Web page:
Many of us feel terribly guilty when we have to throw food away, and Americans toss a lot of food annually. The Environmental Protection Agency reported that in 2010 Americans threw away about 33 million tons of food.
But at Roadrunner Food Bank, we and our food industry partners have been rescuing food in Albuquerque and New Mexico for more than 30 years. What does that mean, food rescue? Food rescue is defined as, “the practice of safely retrieving edible food that would otherwise go to waste, and distributing it to those in need. The recovered food is edible, but often not saleable. Products that are past their sell by dates or are imperfect in any way are able to be donated by food industry donors.”
Roadrunner Food Bank’s Food Rescue program picks up unprepared foods weekly at 100 different locations. Food that is picked up as part of the Food Rescue Program includes items such as bakery items, meat, dairy, produce, canned goods and dry goods.
And volunteers are key to executing a successful food rescue program. Once the food arrives at the Food Bank, volunteers sort, label, box or repack food items allowing us to more quickly process and distribute food to partner agencies and through our direct service programs.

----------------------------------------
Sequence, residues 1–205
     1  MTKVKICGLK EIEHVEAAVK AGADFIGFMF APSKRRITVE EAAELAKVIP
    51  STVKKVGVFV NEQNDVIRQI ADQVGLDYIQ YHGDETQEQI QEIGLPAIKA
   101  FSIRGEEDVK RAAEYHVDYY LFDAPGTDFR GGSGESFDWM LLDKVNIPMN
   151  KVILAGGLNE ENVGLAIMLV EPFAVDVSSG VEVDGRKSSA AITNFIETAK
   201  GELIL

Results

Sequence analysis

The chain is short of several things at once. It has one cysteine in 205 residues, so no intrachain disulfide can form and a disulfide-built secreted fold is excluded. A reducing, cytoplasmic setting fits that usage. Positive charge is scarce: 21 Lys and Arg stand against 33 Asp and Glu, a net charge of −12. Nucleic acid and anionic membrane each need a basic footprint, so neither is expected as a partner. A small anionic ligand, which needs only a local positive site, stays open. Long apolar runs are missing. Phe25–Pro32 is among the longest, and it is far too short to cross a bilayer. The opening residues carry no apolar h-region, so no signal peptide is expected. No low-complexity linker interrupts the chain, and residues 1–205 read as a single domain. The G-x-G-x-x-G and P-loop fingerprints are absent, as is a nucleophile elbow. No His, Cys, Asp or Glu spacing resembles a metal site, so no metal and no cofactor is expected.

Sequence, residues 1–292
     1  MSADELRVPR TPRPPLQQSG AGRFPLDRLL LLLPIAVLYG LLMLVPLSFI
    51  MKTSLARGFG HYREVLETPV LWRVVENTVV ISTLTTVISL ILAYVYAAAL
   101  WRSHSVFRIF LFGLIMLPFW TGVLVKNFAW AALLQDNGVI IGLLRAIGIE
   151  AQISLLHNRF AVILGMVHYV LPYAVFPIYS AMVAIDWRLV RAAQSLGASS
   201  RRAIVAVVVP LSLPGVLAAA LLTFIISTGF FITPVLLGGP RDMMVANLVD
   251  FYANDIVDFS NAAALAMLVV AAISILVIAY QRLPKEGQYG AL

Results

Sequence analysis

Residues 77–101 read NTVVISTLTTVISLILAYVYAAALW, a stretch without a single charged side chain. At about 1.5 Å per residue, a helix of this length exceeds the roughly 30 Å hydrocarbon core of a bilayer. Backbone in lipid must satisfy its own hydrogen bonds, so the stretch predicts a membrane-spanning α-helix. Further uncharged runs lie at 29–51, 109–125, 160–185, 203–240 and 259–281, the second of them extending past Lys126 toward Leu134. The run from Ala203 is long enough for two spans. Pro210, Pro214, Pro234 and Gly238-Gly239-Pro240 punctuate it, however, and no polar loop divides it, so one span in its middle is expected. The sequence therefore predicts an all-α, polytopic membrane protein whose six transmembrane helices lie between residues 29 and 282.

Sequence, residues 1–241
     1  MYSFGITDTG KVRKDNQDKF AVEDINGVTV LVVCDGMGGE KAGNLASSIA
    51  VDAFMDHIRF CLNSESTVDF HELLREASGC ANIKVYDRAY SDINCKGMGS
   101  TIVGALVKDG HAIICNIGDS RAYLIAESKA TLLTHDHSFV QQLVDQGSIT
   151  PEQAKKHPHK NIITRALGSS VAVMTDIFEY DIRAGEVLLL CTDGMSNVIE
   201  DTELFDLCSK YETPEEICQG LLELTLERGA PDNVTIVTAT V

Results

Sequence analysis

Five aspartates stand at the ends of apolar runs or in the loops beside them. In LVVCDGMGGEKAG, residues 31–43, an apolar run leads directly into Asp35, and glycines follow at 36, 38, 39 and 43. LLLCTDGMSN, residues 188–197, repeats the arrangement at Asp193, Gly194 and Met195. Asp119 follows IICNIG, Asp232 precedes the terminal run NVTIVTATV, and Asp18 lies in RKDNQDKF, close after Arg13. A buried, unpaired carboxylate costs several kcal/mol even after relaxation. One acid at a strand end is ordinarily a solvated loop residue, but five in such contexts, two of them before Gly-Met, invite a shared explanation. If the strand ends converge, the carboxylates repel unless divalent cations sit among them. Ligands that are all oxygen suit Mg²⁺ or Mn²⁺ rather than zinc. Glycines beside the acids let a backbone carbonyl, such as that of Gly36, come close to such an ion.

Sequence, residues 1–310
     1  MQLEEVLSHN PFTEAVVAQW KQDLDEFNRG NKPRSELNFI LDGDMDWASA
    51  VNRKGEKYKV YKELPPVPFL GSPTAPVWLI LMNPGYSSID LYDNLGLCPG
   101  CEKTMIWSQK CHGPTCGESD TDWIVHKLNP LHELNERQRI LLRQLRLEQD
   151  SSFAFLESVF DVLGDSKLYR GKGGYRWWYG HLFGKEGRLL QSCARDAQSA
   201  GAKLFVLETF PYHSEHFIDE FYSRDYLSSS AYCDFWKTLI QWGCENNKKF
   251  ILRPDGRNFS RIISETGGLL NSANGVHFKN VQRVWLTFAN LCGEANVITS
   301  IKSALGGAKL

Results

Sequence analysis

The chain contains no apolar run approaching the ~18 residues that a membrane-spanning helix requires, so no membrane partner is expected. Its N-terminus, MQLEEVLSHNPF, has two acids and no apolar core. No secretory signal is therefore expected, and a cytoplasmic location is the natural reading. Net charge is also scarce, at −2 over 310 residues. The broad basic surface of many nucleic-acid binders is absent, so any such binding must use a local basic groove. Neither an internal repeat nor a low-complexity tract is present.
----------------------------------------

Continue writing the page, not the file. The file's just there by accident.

Last year, we rescued 19.7 million pounds of food. We kept it out of landfills and placed it in the hands of the nearly 40,000 people we help every week.
Recently Agriculture Secretary Tom Vilsack and the USDA will begin placing an emphasis on food rescue and encouraging Americans to participate.
Learn more about our Food Rescue Program here and see the top food industry donors participating in our Food Rescue Program.